After returning home from the Vietnam War, veteran Jacob Singer struggles to maintain his sanity. Plagued by hallucinations and flashbacks, Singer rapidly falls apart as the world and people around him morph and twist into disturbing images. His girlfriend, Jezzie, and ex-wife, Sarah, try to help, but to little avail. Even Singer's chiropractor friend, Louis, fails to reach him as he descends into madness.
01 Dec Jacob’s Ladder (1990)
When a film plays with the narrator’s credulity, and if it is essentially cinematic then I am predisposed to like it. This film has the additional benefit of some competent actors. Plus, we all like to dump on government lying during the Nixon era.
I think this is a waste of time in spite of those benefits, and it took a while to put my finger on why. You have two choices for the usual model for these things.
One is what I will call the David Lynch/Peter Greenaway model. In that model, the world we are presented with is usually attached to an onscreen viewer who we subliminally identify as the narrator/interpreter. Behind that is the world we see. The sense or nonsense of that world is inherent in the world. For us to experience the film at all, we have to invest in, enter that world and live by its rules. It is a risky thing for those of us who give our all when experiencing a film. In the cases of Greenaway and Lynch, we are rewarded by insights we can carry back.
A more common model, the “Scooby-doo” model is that there are three worlds. You have the safe world you live in as a viewer. It is not involved or compromised in any way except the reinforcement of the thin notion that someone CAN and might manipulate that world the way you are seeing on screen. Then you have the normal world of your on-screen protagonist, presumably much like yours. And finally you have the world as scrambled by some agency.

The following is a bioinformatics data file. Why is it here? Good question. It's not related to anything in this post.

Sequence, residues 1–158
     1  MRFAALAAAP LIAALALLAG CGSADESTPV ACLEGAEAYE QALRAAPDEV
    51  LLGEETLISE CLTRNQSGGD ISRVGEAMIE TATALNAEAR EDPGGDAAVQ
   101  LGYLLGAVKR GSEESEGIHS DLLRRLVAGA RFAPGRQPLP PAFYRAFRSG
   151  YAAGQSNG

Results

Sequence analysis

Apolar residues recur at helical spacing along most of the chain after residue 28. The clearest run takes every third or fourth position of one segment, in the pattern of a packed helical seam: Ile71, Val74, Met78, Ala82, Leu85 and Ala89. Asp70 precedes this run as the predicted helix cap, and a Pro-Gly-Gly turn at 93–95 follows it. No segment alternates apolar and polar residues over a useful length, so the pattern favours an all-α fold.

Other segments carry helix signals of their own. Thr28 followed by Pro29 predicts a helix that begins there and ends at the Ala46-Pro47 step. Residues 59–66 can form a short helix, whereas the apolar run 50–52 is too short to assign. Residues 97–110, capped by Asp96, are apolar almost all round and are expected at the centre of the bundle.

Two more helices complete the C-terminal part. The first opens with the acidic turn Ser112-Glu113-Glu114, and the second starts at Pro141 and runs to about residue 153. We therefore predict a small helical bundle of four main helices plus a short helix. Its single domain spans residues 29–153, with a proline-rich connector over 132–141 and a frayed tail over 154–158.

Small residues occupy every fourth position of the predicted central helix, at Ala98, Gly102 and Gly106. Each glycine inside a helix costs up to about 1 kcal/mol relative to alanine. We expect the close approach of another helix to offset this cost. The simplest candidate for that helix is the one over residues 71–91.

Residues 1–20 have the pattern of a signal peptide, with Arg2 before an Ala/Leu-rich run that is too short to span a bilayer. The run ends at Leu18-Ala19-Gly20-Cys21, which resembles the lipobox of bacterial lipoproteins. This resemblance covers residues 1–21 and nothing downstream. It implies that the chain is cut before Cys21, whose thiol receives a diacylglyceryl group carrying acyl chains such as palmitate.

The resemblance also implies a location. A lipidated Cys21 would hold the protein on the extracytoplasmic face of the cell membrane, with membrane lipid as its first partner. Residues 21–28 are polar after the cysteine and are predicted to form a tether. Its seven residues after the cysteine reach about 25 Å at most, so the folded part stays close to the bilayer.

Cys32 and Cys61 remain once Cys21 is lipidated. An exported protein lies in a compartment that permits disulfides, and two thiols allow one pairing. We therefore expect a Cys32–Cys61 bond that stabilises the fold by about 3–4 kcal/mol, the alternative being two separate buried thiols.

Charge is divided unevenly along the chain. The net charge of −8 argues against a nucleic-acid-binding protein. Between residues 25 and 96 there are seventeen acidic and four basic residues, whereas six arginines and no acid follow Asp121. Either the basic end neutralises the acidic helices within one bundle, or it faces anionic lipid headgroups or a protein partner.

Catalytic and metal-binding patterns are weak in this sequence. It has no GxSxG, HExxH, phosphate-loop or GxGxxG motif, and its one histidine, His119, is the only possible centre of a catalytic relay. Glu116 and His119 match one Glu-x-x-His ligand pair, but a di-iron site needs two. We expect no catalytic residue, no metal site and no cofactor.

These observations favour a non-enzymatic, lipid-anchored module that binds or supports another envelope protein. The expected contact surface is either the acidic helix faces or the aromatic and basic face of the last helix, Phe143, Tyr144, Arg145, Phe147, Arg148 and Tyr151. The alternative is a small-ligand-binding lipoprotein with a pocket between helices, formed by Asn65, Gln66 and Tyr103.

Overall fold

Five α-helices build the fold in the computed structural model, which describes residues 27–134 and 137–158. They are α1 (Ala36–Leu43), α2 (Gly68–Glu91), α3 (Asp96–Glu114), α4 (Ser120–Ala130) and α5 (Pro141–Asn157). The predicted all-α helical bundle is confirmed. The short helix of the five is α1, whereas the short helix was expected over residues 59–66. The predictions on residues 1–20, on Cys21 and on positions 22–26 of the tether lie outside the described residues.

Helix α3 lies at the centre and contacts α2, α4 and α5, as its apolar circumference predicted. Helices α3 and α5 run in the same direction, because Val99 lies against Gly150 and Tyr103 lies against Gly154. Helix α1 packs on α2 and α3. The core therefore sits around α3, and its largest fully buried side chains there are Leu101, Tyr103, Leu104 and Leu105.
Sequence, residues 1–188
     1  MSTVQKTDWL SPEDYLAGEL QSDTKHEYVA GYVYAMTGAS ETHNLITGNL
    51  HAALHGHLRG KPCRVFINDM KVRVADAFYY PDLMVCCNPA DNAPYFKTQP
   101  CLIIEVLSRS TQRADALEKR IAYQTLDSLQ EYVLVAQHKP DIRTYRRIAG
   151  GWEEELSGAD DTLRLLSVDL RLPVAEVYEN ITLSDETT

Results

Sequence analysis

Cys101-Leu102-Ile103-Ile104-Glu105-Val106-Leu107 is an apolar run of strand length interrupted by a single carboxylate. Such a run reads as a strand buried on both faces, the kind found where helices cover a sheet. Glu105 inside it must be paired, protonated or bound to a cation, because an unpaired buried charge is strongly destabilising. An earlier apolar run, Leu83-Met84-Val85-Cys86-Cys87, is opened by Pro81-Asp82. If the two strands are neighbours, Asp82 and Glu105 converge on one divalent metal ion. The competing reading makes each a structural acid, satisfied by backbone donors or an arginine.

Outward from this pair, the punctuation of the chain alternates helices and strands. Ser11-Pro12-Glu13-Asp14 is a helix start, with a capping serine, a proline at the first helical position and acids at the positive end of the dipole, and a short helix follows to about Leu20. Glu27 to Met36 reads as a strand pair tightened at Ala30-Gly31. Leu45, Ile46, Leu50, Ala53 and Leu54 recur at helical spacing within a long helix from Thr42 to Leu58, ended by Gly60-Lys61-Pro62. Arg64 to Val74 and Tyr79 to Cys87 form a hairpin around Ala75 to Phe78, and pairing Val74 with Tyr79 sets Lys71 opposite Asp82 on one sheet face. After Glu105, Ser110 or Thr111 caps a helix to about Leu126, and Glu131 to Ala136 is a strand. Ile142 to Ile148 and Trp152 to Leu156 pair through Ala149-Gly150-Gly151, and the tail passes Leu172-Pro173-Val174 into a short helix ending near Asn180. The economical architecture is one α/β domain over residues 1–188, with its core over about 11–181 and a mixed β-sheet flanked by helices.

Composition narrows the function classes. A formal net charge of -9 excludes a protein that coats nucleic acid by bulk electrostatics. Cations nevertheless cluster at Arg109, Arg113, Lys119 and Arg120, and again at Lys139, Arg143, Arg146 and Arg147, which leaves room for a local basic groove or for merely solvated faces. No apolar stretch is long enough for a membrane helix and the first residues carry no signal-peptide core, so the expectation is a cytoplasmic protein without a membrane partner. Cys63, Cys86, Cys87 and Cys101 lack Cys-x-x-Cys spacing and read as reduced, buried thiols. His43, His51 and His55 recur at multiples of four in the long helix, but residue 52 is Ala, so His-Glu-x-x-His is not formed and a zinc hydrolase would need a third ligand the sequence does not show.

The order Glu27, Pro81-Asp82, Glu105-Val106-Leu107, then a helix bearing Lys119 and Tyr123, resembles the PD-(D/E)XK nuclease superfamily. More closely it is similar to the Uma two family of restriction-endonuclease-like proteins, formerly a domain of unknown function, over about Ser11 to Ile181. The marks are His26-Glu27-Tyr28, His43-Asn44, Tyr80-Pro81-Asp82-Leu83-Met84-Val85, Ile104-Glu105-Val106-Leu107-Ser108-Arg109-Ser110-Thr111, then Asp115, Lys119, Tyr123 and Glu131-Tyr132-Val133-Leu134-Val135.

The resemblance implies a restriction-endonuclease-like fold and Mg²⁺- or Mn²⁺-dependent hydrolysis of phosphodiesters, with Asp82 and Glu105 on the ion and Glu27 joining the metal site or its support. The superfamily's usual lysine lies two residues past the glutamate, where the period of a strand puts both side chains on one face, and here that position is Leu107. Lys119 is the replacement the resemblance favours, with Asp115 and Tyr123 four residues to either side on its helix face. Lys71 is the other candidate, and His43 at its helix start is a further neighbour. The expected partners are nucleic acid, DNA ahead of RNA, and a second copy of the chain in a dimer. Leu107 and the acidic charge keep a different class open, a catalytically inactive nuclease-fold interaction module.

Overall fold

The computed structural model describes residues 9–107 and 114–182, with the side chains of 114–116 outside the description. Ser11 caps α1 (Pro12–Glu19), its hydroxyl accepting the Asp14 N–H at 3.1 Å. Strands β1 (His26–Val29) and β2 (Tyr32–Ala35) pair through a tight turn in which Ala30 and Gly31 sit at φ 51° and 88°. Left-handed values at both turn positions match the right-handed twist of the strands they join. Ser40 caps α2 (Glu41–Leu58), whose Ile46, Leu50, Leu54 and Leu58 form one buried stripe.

In this model, the world you see may not make much sense. You are not expected to understand it or be rewarded for doing so. You might find this out too late. There is a “solution,” to why that world is the way it is, and the reward of the film such as it is comes from the detective’s satisfaction of being told that solution. Usually the scrambled world is animated by myths associated with demons and such and that is the case here, though we have no actual referenced cosmology.
The story does have some technical appeal. The film is framed by a battlefield injury at the beginning and the death of the narrator the next day at the end of the film from that injury. In between we have his visions, mostly mixed segments of his family, an imagined life with a sexy coworker and of course his pursuit by demons. Embedded in this vision is his imagined study of demonology. He gets a doctorate in the subject and occasionally understands what is happening.
This idea is remarkably clever, that an imagined world would include an activity that allows growth in introspection sufficient to understand that it is imagined. There is a parallel concept, quite similar, where events in that world explain why the world is artificial. I liked this, a lot, but as a clever concept only. It doesn’t help the film.
Posted in 2010
Ted’s Evaluation — 1 of 3: You can find something better to do with this part of your life.